Advertisement

Motion-compensated data decomposition algorithm to accelerate dynamic cardiac MRI

Research Article

Abstract

Objectives

In dynamic cardiac magnetic resonance imaging (MRI), the spatiotemporal resolution is often limited by low imaging speed. Compressed sensing (CS) theory can be applied to improve imaging speed and spatiotemporal resolution. The combination of compressed sensing and low-rank matrix completion represents an attractive means to further increase imaging speed. By extending prior work, a Motion-Compensated Data Decomposition (MCDD) algorithm is proposed to improve the performance of CS for accelerated dynamic cardiac MRI.

Materials and methods

The process of MCDD can be described as follows: first, we decompose the dynamic images into a low-rank (L) and a sparse component (S). The L component includes periodic motion in the background, since it is highly correlated among frames, and the S component corresponds to respiratory motion. A motion-estimation/motion-compensation (ME-MC) algorithm is then applied to the low-rank component to reconstruct a cardiac motion compensated dynamic cardiac MRI.

Results

With validations on the numerical phantom and in vivo cardiac MRI data, we demonstrate the utility of the proposed scheme in significantly improving compressed sensing reconstructions by minimizing motion artifacts. The proposed method achieves higher PSNR and lower MSE and HFEN for medium to high acceleration factors.

Conclusion

The proposed method is observed to yield reconstructions with minimal spatiotemporal blurring and motion artifacts in comparison to the existing state-of-the-art methods.

Keywords

Compressed sensing Low-rank matrix completion Motion compensation Cardiac MRI 

Notes

Acknowledgements

The authors would like to thank Dr. Jong Ye for making the dynamic cardiac data available online: (http://bisp.kaist.ac.kr/ktFOCUSS.htm). This research has been supported by NSERC Discovery Grant RGPIN/239007.

Compliance with ethical standards

Conflict of interest

The authors declare that they have no conflict of interest.

Ethical standards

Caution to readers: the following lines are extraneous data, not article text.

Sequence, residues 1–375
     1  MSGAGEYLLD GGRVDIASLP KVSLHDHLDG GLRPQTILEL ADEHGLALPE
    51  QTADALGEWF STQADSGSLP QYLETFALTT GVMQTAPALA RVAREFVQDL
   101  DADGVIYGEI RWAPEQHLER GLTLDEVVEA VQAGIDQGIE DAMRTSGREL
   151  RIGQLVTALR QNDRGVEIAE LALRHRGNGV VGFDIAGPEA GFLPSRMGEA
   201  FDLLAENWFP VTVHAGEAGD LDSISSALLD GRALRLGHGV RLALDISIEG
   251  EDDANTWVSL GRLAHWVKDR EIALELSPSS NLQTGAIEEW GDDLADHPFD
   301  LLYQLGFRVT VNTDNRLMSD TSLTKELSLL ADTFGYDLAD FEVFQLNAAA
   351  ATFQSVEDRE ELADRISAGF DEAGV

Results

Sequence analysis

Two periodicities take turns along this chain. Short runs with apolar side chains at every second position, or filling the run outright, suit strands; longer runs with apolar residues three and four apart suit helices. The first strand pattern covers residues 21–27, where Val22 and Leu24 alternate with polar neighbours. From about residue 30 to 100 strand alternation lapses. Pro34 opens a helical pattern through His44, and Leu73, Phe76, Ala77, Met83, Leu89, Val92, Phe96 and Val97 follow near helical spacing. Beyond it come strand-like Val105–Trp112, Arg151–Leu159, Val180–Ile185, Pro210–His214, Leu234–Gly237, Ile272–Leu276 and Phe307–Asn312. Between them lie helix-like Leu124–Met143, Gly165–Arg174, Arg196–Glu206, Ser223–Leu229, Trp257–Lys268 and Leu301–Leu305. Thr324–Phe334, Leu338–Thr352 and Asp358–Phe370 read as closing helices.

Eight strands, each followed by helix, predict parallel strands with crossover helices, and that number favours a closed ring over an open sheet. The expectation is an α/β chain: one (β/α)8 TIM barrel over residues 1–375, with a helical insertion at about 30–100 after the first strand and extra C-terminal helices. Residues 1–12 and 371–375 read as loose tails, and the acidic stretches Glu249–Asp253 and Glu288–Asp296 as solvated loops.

In this study, we used dynamic cardiac data available online (http://bisp.kaist.ac.kr/ktFOCUSS.htm). The Institutional Review Board of the University of Southern California approved the imaging protocols. Each subject was screened for magnetic resonance imaging risk factors and provided informed consent in accordance with institutional policy.

References

  1. 1.
    Sodickson DK, Griswold MA, Jakob PM, Edelman RR, Manning WJ (1999) Signal-to-noise ratio and signal-to-noise efficiency in SMASH imaging. Magn Reson Med 4(1):1009–1022CrossRefGoogle Scholar
  2. 2.
    Plein S, Bloomer TN, Ridgway JP, Jones TR, Bainbridge GJ, Sivananthan MU (2001) Steady-state free precession magnetic resonance imaging of the heart: comparison with segmented k-space gradient-echo imaging. J Magn Reson Imaging 14(3):230–236CrossRefPubMedGoogle Scholar
  3. 3.
    Lustig M, Santos JM, Donoho DL, Pauly JM (2006) k-t SPARSE: high frame rate dynamic MRI exploiting spatio-temporal sparsity. In: Proceedings of the 13th annual meeting of international society for magnetic resonance in medicine (ISMRM), USA, p 2420Google Scholar
  4. 4.
    Jung H, Sung K, Nayak KS, Kim EY, Ye JC (2009) k-t FOCUSS: a general compressed sensing framework for high resolution dynamic MRI. Magn Reson Med 61(1):103–116CrossRefPubMedGoogle Scholar
  5. 5.
    Jung H, Park J, Yoo J, Ye JC (2010) Radial k-t FOCUSS for high-resolution cardiac cine MRI. Magn Reson Med 63:68–78PubMedGoogle Scholar
  6. 6.
    Tsao J, Boesigerp Pruessmann KP (2003) k-t BLAST and k-t SENSE: dynamic MRI with high frame rate exploiting spatiotemporal correlations. Magn Reson Med 50:1031–1042CrossRefPubMedGoogle Scholar
  7. 7.
    Usman M, Prieto C, Schaeffter T, Batchelor P (2011) k-t group sparse: a method for accelerating dynamic MRI. Magn Reson Med 66(4):1163–1176CrossRefPubMedGoogle Scholar
  8. 8.
    Ravishankar S, Bresler Y (2011) MR image reconstruction from highly undersampled k-space data by dictionarylearning. IEEE Trans Med Imaging 30(5):1028–1041CrossRefPubMedGoogle Scholar
  9. 9.
    Feng L, Otazo R, Jung H, Jensen JH, Ye JC, Sodickson DK, Kim D (2011) Accelerated cardiac T2 mapping using breath-hold multiecho fast spin-echo pulse sequence with k-t FOCUSS. Magn Reson Med 65(6):1661–1669CrossRefPubMedPubMedCentralGoogle Scholar
  10. 10.